15. Ok, Gracie. That IS why I bought my first PJ Harvey album, but at least it’s still good music.Also, I’m not necessarily claiming that I only appreciate good looking musician’s. In certain styles of music, I think sex appeal is part of the show. I’m sticking to my guns on this one, even if the guns only run skin deep.

  16. oh, jeez, I was just trying to make light of this whole thing and not get into a feminist argument with these people. I started it, I know, but I’ve been there before, and it’s a waste of breath…Also, if you were insightful, you would notice the irony of what I did, which was “objectifying” Mr. Proptronics…not necessarily flirting…And to my friends at GloNo, I’m not saying by any means that your anti-feminist :)

  17. Ahem, please insert the word “be” between “to objectified.” Also, I take back every comment ever made in regard to spelling errors and word omissions.

  18. alright, i know people really don’t want to get into a pro/con feminist argument here, and that’s not what i intend to do with the following. so, one can only be considered feminist singer or a serious artist if she isn’t attractive while performing on stage? should we always second guess our intentions of enjoying a show more if the performer is attractive? i’d hate to think that if i go to a concert and the performer is especially appealing that i would walk away feeling even less of myself. hell no! i say shake what your mother gave ya and play that guitar. why are there more successful male singers that don’t fit into the conventional “attractive” category? well, for one, attractiveness is subjective and each gender approaches it differently. though both are drawn to the pleasing esthetics of an attractive person, men are more apt to fixate purely on the physical, while women are more apt to romanticize and idealize a person into a more desirable form. this is why i believe that romance novels sell so well and fat dopey guys still can date hot chicks.second, music, especially the genres we constantly touch upon here at glono, have an audience that consist primarily of men. no self respecting rock snob male is going to care if pollard’s caring around a paunch from too many years of tilting back cinci cream ales. they’ll probably identify with him more and usually follow a career along through it’s ups and downs picking up a majority of his crappy solo releases along with all the great stuff that gbv does. though, we’ll forever drool at the site of liz phair in panties. hell, didn’t jake even post that pic on this site before?i’m not sure if i can speak for all the guys on this site, but i’m sure the group here doesn’t solely base there music choices based on appearance only. sure, every now an again we’ll be swayed by a pretty package (again, beauty is subjective) prop with his purchase of the first pj harvey album, jake with his all-american fascination with britney spears, and my unwavering love of liz phair. aw shucks, they all happen to be attractive and interesting performers in their own right. and yes, there’s a reason i said performers, because even though someone like britney can sing, she’s not a musician, but that doesn’t hold me back from pausing to gawk at the tv everytime she’s on mtv.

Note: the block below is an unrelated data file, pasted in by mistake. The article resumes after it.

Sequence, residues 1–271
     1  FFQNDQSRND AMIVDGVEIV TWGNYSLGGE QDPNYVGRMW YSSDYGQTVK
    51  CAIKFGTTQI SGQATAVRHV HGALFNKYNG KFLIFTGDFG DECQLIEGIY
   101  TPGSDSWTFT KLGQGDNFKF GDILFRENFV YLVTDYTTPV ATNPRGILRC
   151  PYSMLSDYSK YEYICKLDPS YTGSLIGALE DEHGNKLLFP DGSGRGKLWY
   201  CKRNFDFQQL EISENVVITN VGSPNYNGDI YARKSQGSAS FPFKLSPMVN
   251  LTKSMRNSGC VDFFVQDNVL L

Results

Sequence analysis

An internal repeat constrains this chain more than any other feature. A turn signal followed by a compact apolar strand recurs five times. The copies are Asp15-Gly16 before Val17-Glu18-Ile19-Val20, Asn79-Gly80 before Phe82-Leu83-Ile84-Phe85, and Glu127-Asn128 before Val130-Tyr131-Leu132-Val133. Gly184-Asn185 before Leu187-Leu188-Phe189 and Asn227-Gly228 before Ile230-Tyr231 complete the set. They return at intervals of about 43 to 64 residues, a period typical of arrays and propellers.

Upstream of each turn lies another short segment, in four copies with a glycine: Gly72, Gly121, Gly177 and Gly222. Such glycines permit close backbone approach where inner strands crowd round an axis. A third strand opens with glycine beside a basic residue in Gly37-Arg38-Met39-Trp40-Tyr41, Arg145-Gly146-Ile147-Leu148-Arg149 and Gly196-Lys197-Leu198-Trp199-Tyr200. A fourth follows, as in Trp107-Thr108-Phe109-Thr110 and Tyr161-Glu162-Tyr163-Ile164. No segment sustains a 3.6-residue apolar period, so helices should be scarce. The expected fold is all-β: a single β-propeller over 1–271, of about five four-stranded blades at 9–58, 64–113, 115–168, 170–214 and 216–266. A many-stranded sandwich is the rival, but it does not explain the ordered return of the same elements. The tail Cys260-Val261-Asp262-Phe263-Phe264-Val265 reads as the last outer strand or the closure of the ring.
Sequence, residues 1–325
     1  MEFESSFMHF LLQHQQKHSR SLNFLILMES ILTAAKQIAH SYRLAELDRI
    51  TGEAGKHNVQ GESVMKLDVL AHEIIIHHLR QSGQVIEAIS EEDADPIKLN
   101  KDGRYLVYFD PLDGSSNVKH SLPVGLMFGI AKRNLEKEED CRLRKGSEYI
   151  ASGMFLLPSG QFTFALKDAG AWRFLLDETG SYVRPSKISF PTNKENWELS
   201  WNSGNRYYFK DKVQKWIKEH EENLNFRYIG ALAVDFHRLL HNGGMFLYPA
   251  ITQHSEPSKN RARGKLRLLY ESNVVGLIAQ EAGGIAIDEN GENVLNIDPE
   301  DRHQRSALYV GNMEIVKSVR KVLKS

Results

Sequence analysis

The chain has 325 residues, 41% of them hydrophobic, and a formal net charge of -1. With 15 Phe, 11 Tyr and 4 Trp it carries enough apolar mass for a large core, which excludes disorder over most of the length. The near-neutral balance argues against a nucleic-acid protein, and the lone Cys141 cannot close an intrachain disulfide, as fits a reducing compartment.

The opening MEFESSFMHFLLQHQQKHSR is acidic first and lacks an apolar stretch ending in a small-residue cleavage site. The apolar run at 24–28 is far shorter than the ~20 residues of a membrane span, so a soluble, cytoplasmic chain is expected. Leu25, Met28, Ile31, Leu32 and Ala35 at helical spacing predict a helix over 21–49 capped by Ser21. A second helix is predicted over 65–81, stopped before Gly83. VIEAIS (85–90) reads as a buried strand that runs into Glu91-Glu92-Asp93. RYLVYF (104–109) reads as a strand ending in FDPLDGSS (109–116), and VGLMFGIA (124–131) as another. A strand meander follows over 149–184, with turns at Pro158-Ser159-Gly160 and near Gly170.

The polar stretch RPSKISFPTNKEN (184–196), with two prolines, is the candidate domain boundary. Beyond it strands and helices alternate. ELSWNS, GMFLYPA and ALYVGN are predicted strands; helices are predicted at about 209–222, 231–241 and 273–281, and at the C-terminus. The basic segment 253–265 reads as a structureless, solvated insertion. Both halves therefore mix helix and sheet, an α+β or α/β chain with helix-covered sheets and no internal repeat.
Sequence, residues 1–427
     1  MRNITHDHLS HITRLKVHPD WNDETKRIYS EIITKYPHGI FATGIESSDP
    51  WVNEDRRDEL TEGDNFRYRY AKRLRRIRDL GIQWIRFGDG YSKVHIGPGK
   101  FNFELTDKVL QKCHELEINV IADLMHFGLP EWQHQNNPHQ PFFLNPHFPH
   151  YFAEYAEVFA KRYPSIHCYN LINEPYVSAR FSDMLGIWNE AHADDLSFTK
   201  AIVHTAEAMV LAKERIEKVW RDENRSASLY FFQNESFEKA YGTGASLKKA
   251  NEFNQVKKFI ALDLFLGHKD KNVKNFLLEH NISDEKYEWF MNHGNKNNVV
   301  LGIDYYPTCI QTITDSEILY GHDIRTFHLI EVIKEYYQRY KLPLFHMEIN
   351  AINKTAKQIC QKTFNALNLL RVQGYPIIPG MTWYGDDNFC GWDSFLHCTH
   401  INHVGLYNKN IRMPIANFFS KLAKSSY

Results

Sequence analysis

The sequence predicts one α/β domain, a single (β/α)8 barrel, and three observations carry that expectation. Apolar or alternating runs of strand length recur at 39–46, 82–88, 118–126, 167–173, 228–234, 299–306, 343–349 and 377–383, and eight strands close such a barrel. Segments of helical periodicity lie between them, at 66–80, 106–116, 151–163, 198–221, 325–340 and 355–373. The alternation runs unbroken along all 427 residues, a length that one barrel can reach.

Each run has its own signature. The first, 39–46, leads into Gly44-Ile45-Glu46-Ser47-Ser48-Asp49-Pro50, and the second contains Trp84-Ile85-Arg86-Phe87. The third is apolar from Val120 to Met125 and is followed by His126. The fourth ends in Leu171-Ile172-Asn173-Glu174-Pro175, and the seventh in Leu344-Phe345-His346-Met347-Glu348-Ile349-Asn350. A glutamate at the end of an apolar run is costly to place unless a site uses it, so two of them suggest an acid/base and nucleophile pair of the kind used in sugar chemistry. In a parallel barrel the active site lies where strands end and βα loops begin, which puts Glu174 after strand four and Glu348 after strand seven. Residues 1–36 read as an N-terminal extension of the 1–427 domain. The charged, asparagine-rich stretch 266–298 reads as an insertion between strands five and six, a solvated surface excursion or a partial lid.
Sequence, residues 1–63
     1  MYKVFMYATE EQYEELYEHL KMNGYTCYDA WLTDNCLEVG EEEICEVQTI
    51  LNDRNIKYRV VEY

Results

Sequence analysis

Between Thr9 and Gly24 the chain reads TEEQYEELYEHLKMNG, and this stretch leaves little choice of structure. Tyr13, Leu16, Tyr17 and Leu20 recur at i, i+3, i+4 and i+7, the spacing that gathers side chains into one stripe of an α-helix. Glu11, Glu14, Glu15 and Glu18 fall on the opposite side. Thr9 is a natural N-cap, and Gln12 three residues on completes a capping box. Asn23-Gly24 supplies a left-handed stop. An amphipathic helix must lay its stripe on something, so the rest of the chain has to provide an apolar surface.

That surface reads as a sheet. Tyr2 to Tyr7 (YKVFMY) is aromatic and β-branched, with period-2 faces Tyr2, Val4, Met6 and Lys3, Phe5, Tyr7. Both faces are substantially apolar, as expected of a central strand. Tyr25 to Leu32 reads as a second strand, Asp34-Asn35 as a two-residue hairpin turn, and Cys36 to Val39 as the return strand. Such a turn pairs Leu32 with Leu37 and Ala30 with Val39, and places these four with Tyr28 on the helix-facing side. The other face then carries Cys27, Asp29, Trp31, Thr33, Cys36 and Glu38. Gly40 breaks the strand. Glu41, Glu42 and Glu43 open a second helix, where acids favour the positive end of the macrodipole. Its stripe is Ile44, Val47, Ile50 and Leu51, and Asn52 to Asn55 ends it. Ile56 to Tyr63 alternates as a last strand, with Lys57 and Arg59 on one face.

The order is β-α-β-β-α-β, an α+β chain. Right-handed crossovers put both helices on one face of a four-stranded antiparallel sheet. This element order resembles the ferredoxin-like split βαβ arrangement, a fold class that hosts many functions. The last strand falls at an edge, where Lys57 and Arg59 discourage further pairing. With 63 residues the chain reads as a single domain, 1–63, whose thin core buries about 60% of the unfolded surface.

19. I have to agree with the idea that women tend to romanticize and idealize a person into a more desirable form. I think women often find men (or other women) attractive because they respect them as performers. And I certainly think that a woman can and should be considered a serious performer even if she’s attractive on stage, Liz Phair and PJ Harvey are great examples…I just always struggle with the problem that how a woman is perceived is so tied up with how she looks. In some ways it’s great, you can get a long way by taking advantage of that fact, but on the other hand there are times when you want other things to be valued beyond what you look like. It’s just a dilemna.